Companies are driving their digitalisation with the cloud

July 3, 2024

  • 61 per cent want to digitise internal processes via the cloud – only 45 per cent a year ago
  • AI and cybersecurity are driving cloud growth
  • Cloud will dominate corporate IT in 5 years’ time

Cloud computing is driving the digitalisation of the German economy. 6 out of 10 companies (61 per cent) that use cloud computing or are at least discussing it want to digitalise their internal processes. A year ago, the proportion was only 45 per cent. Just as many (61 per cent) want to use their cloud activities to force a switch to platforms and software-as-a-service (2023: 57 per cent). Overall, 81 per cent of companies in Germany are using cloud computing, a further 14 per cent are planning to do so or are discussing it, while the cloud is not an issue for just 5 per cent. Companies want to use the cloud even more intensively in the future than they do today. Companies currently run around a third (38 per cent) of their IT applications in the cloud. In five years, the proportion is expected to have risen to 54 per cent. These are the findings of the “Cloud Report 2024”, which the digital association Bitkom presented in Berlin today.

The data is based on a representative survey of 603 companies with 20 or more employees from all sectors of the economy. “The cloud is also a basic technology of the digital economy in Germany. Cloud applications enable even small companies to fully digitalise their processes and business models,” says Bitkom President Dr Ralf Wintergerst. “The cloud will dominate corporate IT in the future.”

Other goals for cloud use currently include reducing costs (62 per cent), increasing IT security (57 per cent), reducing CO2 emissions (56 per cent), setting up platforms for cooperation with third parties (50 per cent) and developing innovative products and services (49 per cent).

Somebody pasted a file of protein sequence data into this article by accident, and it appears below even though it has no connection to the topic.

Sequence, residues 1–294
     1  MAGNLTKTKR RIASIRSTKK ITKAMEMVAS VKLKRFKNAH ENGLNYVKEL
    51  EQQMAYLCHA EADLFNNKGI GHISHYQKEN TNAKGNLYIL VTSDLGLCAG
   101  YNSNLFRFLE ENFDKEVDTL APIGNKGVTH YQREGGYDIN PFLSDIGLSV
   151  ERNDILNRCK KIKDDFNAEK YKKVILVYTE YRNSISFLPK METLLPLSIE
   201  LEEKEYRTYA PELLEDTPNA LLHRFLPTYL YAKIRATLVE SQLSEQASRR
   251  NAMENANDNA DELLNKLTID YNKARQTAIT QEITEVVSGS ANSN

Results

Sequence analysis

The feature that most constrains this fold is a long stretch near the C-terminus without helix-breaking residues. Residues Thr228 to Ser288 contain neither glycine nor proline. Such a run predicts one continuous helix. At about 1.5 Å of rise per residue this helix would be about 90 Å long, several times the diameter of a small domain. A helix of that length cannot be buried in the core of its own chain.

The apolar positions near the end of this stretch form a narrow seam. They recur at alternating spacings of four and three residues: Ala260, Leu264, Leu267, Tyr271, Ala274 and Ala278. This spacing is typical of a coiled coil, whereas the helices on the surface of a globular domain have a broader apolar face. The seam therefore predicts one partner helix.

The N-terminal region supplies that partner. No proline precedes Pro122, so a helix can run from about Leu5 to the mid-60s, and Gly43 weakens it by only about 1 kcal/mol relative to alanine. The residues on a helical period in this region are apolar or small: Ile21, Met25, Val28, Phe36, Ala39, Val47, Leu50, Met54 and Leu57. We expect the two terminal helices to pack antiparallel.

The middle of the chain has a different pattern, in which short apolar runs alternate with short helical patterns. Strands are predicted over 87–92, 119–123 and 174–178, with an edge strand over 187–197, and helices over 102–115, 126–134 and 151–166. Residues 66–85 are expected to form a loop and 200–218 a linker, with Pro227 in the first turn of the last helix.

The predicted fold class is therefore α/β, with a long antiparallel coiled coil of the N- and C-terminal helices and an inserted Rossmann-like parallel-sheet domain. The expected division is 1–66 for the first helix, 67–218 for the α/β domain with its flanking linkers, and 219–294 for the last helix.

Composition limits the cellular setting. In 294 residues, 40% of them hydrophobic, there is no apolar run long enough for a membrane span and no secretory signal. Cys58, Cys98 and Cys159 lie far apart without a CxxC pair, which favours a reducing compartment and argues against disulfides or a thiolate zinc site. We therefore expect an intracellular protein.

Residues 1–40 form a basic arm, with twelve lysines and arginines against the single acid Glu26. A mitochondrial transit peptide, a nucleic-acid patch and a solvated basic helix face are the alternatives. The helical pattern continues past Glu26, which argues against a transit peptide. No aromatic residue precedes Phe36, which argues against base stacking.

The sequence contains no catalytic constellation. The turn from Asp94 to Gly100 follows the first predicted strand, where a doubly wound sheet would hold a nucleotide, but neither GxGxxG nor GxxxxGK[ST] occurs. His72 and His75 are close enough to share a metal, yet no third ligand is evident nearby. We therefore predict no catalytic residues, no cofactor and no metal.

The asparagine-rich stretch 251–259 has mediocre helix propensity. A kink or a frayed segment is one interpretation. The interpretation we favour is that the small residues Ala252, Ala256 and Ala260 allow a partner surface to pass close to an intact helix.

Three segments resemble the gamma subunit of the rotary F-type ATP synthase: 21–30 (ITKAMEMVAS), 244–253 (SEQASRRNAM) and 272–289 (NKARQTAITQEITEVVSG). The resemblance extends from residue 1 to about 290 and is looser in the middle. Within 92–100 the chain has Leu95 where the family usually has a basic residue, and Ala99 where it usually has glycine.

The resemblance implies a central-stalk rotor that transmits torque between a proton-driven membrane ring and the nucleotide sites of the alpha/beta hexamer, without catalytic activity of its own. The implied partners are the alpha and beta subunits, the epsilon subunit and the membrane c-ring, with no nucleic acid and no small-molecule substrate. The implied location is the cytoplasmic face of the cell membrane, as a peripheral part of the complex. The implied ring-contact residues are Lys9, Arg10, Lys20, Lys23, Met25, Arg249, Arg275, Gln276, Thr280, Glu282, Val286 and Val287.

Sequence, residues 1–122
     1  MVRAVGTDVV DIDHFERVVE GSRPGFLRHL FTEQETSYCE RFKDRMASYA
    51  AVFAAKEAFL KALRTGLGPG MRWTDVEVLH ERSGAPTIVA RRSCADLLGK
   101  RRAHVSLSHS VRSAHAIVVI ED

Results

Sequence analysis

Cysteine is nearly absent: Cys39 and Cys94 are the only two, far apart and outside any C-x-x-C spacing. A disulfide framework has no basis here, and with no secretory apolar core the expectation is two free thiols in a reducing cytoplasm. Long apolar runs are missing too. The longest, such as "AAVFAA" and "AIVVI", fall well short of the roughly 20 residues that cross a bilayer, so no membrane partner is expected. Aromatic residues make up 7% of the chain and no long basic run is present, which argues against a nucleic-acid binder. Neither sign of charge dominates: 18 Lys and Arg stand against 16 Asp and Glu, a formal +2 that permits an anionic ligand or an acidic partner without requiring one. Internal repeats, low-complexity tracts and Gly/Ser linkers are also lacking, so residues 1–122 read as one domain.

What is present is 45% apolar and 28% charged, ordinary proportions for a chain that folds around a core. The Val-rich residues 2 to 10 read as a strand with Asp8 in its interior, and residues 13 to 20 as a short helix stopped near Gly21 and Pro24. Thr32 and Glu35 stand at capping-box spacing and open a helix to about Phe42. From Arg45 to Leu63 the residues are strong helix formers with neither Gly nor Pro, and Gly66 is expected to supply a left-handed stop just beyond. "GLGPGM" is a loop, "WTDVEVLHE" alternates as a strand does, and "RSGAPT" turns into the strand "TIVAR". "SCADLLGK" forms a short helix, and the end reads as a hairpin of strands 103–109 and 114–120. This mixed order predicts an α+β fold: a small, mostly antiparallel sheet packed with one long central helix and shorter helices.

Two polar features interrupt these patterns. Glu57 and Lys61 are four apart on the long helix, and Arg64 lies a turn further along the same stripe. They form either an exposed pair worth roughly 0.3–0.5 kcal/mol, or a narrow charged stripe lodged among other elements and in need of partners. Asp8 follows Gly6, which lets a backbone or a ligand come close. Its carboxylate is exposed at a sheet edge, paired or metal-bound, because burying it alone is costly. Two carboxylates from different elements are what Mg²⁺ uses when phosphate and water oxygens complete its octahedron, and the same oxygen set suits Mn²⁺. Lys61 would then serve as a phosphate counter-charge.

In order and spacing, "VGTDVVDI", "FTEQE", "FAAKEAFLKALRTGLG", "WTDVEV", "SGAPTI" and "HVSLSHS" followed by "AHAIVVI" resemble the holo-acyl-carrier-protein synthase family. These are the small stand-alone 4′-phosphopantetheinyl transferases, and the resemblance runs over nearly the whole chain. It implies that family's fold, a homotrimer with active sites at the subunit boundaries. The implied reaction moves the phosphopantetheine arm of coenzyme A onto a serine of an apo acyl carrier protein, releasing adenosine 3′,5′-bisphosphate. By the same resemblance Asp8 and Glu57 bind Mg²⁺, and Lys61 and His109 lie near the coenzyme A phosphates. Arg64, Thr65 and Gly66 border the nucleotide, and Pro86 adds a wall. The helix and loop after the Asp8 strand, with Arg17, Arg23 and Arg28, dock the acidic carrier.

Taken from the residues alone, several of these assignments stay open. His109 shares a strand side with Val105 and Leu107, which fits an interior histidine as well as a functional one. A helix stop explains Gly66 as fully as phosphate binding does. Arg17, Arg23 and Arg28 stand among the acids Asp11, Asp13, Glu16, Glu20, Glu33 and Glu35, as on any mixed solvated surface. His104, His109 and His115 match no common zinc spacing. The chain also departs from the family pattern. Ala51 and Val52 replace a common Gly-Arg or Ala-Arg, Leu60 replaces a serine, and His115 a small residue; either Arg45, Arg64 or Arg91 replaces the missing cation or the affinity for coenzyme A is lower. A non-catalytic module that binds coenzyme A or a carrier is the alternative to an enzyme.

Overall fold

44 per cent see the cloud as a way out of the hardware shortage for operating their own servers, while 38 per cent see it as a way to access innovative technologies such as the Internet of Things and artificial intelligence.

When it comes to sustainability, companies see both advantages and disadvantages to the cloud. Six out of ten companies state that cloud computing can save energy and resources (61 per cent) and that sustainability reports can be created more easily (59 per cent). At the same time, three quarters (75 per cent) believe that the easy scalability of cloud computing means that software is becoming increasingly resource-hungry.

And 54 per cent consider the energy and resource consumption of the cloud to be too opaque. “Companies can become more sustainable with cloud computing. However, this is not a sure-fire success, but requires targeted measures. Even in the cloud, we need to keep an eye on resource consumption,” says Wintergerst.

Demand for AI applications from the cloud is set to double in 5 years